Here’s some good stuff to help you forget it’s Monday:
- The ABC show “Lost” became a worldwide phenomenon over its six-season run. This piece from Quartz charts the show’s rise during a period of rapid change in the mid-2000s, as televisions got bigger, more and more people started talking about TV online and advertisers noticed — making it perhaps the first TV show of the social media era.
- There are many infographics out there on a wide variety of websites that really don’t say anything interesting at all, a byproduct of an early-2010s Internet media marketing trend. This infographic, from Vox, about the volume of Internet usage worldwide is a useful, tidy representation of just how far behind the U.S. really is when it comes to the quality and accessibility of Internet in other developed countries.
- The Uzbek comedy troupe Million, whose subversive and risqué group is popular within the dictator-ruled former Soviet republic, is being targeted by the government of Uzbekistan for alleged violations of “ethical standards.” Million’s humor would pass as pretty standard fare on Comedy Central’s lineup, but it’s pretty funny to imagine government censors squirming at methodically planned dick jokes. Radio Free Europe/Radio Liberty has the story.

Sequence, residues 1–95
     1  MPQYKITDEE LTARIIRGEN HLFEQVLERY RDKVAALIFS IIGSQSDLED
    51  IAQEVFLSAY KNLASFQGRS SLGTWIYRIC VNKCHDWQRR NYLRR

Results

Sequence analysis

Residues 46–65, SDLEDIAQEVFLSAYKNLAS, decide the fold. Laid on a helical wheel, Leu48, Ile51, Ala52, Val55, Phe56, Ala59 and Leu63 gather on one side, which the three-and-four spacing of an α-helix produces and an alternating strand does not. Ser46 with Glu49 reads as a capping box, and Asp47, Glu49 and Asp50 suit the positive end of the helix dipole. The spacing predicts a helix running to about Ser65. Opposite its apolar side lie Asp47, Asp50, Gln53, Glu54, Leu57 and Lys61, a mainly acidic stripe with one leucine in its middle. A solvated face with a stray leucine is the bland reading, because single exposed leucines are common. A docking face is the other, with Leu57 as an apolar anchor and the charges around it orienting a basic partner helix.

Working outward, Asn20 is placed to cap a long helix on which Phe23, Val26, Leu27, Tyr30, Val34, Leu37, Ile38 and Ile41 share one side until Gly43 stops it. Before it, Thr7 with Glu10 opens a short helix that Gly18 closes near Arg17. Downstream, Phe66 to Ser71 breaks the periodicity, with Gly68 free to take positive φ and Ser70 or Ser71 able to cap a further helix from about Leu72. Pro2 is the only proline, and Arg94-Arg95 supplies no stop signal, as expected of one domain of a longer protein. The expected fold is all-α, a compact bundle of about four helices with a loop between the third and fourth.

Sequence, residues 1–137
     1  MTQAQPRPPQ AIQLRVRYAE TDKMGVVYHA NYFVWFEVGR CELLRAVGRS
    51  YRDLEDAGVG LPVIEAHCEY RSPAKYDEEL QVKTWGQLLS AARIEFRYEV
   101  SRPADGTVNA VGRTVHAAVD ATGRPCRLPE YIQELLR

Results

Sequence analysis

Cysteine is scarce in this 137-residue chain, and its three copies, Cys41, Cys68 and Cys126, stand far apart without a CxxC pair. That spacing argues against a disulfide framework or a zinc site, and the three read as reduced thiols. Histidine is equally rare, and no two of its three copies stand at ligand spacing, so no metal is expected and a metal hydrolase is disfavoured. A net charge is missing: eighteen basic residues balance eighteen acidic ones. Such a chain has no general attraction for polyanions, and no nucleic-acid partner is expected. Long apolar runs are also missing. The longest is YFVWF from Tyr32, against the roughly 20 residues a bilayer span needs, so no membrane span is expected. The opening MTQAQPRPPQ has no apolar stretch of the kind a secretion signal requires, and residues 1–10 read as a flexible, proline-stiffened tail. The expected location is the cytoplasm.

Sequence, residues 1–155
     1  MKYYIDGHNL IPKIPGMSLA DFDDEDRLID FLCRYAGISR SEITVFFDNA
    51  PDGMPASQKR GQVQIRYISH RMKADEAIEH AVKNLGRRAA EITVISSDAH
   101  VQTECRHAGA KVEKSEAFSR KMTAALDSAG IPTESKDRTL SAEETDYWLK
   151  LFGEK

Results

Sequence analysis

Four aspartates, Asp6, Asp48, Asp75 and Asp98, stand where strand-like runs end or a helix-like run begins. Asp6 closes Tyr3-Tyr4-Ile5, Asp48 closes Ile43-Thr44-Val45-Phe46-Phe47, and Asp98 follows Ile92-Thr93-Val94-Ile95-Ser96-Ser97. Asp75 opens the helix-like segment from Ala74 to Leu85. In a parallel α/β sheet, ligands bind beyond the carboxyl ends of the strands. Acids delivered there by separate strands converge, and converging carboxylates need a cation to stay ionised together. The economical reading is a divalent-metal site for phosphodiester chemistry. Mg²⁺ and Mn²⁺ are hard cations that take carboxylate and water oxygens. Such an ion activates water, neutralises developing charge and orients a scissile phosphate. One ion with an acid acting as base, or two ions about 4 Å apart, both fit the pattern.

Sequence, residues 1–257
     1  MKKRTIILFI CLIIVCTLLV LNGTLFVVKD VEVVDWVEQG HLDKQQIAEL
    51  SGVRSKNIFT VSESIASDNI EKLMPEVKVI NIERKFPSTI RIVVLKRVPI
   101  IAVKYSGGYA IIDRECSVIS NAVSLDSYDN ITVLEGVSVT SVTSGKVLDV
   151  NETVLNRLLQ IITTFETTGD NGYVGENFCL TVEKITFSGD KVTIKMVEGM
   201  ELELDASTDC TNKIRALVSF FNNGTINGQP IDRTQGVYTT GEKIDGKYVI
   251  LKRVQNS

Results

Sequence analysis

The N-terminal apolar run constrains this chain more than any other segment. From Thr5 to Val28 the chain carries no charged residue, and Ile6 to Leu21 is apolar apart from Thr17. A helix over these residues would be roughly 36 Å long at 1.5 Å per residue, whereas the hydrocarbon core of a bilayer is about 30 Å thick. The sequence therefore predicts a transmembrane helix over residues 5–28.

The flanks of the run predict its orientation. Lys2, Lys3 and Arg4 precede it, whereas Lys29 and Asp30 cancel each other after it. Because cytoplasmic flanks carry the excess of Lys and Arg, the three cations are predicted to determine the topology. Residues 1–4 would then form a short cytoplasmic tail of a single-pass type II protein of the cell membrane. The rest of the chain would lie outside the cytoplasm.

- Last week, New York’s Kevin Roose published a widely shared story about “Silicon Valley’s Contract-Worker Problem,” which partly argued that companies like Uber and Homejoy (Uber for house-cleaning) were unwisely betting against paying their workers normal wages or giving them benefits — a theme Liz Gannes discussed in her “Instant Gratification Economy” series on Re/code last month. On Friday, Jacobin shared a compelling article further making the case against the “independent contractor” structure of these companies, by way of interviewing a group of Uber drivers who are forming a sort-of union and taking action against the sharing economy giant.
- Nikki Durkin, entrepreneur and author of a viral Medium post about what it was like to have her startup fail, took to Medium again with a pointed critique of the “woman in tech” label. The kid-gloves treatment from media, the patronizing remarks from male peers and the difficulty of speaking up — it’s all part of the experience of being a woman and working in tech.
If you see any stories you’d like to send our way (or have any questions/comments about stories we’ve recommended), feel free to shoot an email to firstname.lastname@example.org.
This article originally appeared on Recode.net.